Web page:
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Tsunamis


zlessard

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Everyone has heard about a tsunami, whether that be the one that hit Japan not too long ago or some other instance. Regardless of how you've heard of these water monsters, I was interested to find out more about the physics behind these.

Tsunamis are basically a massive scale version of the waves that we've studied throughout our physics experiences. Rather than wavelengths in centimeters and periods measured in seconds, the waves of tsunamis are measured in kilometers and their periods are measured in hours. Their wavelengths have been measured to be as large as 500 km. Interestingly enough, the speed that these waves travel at is dependent only upon the water depth and the force of gravity. In the ocean, water depth can be 5000m, and utilizing the equation that the speed of the wave = sq rt(g·H), that means that waves would travel 221 MPH at a depth of 5000m.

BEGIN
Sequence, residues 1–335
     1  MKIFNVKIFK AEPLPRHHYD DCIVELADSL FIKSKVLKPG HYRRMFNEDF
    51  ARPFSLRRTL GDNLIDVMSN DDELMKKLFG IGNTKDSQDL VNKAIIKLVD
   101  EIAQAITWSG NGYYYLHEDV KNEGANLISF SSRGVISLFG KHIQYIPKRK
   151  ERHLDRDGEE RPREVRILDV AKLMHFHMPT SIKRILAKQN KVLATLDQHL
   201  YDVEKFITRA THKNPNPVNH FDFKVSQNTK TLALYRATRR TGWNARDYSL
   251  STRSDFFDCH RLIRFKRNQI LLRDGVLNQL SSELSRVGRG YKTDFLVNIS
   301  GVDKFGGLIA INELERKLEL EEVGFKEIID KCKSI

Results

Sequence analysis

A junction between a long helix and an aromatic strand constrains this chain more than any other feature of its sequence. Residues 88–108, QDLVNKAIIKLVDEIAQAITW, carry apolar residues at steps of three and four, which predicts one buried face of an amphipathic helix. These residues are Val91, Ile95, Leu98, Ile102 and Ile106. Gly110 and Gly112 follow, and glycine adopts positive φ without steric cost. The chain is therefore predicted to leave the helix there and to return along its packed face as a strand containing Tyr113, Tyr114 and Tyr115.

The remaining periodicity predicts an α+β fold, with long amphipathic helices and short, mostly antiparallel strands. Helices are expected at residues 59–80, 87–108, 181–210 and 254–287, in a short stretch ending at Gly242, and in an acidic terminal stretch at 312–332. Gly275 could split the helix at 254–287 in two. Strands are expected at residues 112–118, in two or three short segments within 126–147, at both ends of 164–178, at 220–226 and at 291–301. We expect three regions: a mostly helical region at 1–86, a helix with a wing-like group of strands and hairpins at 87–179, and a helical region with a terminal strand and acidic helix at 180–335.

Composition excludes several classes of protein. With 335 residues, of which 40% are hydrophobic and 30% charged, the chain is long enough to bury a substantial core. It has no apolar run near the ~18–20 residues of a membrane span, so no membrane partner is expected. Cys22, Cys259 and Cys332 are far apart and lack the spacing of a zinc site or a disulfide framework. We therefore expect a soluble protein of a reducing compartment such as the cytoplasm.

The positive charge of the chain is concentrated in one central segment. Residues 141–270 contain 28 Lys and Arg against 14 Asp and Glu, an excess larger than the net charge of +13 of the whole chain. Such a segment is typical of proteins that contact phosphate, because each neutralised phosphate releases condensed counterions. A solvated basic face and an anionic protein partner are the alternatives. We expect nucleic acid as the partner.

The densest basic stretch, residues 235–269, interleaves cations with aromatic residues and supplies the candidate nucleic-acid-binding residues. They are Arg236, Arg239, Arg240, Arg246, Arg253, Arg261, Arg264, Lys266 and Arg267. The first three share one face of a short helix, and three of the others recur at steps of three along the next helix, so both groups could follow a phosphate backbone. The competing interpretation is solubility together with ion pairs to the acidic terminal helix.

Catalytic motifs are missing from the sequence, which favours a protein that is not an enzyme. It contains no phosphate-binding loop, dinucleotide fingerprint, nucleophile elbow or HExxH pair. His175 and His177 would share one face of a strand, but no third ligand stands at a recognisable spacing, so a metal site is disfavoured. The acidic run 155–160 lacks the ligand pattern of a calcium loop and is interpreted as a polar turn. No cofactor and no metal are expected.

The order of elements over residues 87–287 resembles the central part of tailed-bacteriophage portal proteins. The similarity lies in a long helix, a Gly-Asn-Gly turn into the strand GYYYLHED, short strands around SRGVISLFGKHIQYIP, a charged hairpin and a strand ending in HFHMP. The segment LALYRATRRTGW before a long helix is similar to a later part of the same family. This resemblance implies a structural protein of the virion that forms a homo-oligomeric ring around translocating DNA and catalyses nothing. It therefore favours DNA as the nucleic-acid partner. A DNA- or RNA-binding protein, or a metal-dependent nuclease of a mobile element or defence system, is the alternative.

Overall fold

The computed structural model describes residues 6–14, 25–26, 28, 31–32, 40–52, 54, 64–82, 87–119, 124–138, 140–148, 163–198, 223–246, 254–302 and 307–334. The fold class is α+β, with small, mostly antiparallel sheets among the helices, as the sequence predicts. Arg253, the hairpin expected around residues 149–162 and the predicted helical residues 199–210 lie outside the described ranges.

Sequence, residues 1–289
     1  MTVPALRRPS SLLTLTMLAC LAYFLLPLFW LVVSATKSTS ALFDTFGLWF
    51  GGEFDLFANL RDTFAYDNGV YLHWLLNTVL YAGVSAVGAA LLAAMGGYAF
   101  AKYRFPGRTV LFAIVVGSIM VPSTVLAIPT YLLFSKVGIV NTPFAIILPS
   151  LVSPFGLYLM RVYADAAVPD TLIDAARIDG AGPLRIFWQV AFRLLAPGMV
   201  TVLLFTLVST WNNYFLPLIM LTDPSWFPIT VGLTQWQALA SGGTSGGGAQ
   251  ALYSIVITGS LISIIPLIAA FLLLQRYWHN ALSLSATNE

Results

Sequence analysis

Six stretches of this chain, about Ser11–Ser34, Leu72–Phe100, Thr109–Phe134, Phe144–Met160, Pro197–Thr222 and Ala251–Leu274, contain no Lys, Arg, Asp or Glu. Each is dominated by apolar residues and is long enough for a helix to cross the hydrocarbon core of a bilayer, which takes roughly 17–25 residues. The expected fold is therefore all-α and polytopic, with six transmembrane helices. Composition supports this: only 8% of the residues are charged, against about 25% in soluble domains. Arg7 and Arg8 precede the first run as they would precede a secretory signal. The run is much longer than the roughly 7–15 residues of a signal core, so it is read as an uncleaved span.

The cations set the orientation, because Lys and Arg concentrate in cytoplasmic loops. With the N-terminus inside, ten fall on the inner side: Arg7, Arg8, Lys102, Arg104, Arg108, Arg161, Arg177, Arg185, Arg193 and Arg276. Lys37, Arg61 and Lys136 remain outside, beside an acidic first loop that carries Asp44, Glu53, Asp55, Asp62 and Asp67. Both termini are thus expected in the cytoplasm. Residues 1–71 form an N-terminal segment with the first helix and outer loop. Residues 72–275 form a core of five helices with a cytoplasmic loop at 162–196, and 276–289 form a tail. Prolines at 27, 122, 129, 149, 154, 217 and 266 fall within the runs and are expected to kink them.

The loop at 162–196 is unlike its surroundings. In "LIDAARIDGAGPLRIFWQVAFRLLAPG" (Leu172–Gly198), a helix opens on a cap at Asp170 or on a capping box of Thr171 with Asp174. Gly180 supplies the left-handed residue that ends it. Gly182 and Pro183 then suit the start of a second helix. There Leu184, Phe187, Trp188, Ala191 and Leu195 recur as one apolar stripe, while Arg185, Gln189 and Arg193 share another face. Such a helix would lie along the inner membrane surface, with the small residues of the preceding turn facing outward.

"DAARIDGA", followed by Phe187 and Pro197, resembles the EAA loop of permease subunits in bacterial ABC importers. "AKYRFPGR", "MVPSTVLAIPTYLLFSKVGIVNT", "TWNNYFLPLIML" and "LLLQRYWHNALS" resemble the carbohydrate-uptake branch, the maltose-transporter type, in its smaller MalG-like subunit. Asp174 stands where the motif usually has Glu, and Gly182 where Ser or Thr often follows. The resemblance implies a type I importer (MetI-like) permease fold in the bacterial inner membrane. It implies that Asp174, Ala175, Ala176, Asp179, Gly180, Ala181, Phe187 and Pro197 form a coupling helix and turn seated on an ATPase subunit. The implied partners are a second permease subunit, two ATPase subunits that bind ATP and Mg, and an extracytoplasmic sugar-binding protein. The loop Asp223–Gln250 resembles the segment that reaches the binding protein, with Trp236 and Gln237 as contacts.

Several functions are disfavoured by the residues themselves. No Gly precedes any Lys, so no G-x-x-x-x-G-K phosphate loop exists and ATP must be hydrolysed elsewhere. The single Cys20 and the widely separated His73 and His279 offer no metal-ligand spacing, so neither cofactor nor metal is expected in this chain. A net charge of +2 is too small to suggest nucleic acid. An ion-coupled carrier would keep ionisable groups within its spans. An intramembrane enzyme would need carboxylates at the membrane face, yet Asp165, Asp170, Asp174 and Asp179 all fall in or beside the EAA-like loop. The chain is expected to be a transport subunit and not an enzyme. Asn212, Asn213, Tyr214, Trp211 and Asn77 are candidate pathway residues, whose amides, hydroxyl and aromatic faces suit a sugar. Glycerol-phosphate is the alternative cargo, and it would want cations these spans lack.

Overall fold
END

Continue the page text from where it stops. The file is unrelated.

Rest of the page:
Tsunamis caused by earthquakes, however, have wavelengths and periods that are determined by the size of the underwater disturbances caused by the earthquake.

As tsunamis approach land, the water depth decreases, thus causing the speed that the waves are traveling at to decrease. The tsunamis energy flux, which depends on speed and height of the waves, remains almost constant. As the speed decreases and the energy remains constant, this causes the heights of the tsunami waves to become much greater as they approach land. Because of this effect, known as "shoaling", tsunamis can go completely unseen at water but grow rather tall as they approach land. This is why tsunamis are often characterized by their massive waves.

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